Loving ’em to death

MPR photo Dan Gunderson

Minnesota is home to the largest American White Pelican colony in North America.

In 1968 the pelican was nearly extinct in Minnesota, down to one known breeding pair, state Department of Natural Resources researchers say.

Now there are an estimated 50,000 white pelicans in the state. Most of the birds winter in the Gulf of Mexico and return in the spring to raise young.

About 34,000 nest on Marsh Lake, in western Minnesota. On just one island nearly a half mile long and a few hundred feet wide, about 10,000 pelicans nest along with thousands of gulls and cormorants.

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It's a bill-to-tail mass of birds and eggs and chicks. You can't take your eyes off the ground while walking because you'll step on a nest.

Researcher Jeff DiMatteo has been to the spot for about 25 years to band young pelicans He worries that the pelican colony is gaining notoriety, and attracting more birding enthusiasts and amateur photographers.

The islands on Marsh Lake are a protected sanctuary.

MPR photo Ann Arbor Miller

Trespassing on the islands can lead to citations and fines, according to Minnesota DNR Non-Game Wildlife Program Supervisor Carrol Henderson.

"Pelican colonies are at a critical stage of nesting right now, with many newly hatched chicks. Only researchers with appropriate permits may visit the island to conduct their studies," Henderson said. "Otherwise, pelicans at this stage of nesting will not tolerate trespassing by photographers or curious members of the public because it can result in the death of young."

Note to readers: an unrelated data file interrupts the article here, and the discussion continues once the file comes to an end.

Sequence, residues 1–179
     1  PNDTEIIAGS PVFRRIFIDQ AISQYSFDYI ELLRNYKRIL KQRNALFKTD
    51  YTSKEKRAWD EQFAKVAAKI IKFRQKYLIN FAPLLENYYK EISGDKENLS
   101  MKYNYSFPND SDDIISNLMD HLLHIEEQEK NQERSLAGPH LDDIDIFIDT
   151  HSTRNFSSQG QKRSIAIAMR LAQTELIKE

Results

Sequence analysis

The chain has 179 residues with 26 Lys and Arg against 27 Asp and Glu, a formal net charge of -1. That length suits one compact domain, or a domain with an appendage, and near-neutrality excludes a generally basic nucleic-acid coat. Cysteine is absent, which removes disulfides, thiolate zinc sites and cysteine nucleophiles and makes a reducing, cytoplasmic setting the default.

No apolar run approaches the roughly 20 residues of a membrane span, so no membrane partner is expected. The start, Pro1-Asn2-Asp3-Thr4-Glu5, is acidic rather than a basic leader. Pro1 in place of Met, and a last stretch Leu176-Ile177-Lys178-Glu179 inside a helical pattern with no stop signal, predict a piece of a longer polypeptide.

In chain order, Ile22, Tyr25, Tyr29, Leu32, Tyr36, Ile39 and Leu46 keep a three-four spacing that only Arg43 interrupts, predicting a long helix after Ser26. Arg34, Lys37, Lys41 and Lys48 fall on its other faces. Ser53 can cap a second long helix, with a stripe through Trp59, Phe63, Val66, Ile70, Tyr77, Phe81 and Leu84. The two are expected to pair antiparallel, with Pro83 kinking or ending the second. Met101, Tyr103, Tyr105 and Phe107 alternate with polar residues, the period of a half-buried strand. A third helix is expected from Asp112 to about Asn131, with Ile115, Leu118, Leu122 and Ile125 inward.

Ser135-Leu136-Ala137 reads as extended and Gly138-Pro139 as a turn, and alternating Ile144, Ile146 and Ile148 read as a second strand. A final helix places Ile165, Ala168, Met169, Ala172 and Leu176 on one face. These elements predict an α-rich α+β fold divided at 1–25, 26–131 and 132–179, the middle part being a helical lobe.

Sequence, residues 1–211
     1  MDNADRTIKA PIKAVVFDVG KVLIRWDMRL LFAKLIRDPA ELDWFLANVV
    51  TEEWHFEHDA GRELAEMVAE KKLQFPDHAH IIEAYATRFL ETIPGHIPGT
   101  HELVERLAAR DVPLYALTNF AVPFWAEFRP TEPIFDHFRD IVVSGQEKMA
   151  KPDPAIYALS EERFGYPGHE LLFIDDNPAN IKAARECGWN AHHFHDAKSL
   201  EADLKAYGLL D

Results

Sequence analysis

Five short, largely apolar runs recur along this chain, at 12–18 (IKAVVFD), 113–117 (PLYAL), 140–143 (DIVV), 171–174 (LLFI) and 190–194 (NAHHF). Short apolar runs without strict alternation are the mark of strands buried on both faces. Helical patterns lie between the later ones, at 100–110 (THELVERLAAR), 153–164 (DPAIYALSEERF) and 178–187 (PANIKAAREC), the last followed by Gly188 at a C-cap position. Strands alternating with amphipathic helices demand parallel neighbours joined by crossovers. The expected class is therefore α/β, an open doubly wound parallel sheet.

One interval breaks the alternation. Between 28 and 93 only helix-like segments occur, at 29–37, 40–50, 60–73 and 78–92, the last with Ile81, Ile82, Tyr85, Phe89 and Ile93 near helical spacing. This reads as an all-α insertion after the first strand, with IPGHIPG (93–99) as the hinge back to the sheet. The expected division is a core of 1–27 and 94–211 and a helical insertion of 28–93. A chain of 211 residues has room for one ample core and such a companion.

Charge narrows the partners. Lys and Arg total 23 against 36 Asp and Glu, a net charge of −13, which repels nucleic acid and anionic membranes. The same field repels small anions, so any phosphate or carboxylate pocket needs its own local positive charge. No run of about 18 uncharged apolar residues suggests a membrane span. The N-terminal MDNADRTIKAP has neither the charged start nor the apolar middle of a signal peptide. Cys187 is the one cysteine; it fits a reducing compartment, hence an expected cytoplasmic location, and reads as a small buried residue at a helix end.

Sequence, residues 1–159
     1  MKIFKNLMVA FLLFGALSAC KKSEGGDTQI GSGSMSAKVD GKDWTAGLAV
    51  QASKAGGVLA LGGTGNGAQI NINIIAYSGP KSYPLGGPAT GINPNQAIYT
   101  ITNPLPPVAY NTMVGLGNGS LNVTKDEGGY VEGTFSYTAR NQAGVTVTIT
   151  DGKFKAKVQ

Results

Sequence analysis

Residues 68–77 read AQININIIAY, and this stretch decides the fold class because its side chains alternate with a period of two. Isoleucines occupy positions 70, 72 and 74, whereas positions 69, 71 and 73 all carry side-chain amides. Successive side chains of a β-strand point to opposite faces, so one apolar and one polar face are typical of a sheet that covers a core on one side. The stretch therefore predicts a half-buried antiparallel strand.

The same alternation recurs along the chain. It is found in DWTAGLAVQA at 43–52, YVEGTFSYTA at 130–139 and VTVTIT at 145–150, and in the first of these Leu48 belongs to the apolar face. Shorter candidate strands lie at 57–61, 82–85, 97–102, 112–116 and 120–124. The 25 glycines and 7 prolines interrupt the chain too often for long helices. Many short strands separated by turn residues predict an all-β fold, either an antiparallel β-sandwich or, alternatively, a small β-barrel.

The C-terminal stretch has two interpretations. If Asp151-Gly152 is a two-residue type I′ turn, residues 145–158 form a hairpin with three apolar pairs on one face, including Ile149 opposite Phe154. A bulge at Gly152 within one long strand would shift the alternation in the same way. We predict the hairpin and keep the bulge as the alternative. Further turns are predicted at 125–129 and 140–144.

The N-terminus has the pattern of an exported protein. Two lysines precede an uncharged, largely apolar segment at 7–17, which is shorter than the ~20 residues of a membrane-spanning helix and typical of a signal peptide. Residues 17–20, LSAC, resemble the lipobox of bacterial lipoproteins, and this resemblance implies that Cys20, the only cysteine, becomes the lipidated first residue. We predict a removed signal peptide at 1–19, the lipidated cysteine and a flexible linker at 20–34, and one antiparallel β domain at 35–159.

MPR photo Dan Gunderson

Researcher Jeff DiMatteo says that's exactly what happened last year at the Marsh Lake Colony. An unidentified photographer paddled out to one of the islands and set up a blind. The parents left their nests and refused to return until the photographer left. Several hundred chicks died as a result. Dimatteo worries growing interest in pelicans will lead people to "love em to death."

To minimize the impact of his research trips to the colony, Dimatteo doesn't spend much time in any one area. He moves slowly to avoid alarming the pelicans.

I also worried about how to record the birds without unnecessary disturbance. Pelicans don't make a lot of noise. To obtain the sound of adults on the nest, I stashed a small recorder among the nests, collecting it when researchers returned to the area an hour later.

There have been cases of pelican colonies abandoned after too much disturbance. A few years ago thousands of pelicans abandoned chicks and eggs at the Chase Lake Refuge in North Dakota. The reason remains unclear. No one knows the limits of the pelicans tolerance for disturbance.

The DNR's Carrol Henderson says people who want to see pelicans should check out a colony on Pigeon Lake near Hutchinson. There is a Highway Scenic Overlook that was provided specifically for birdwatchers to view the colony from a safe distance.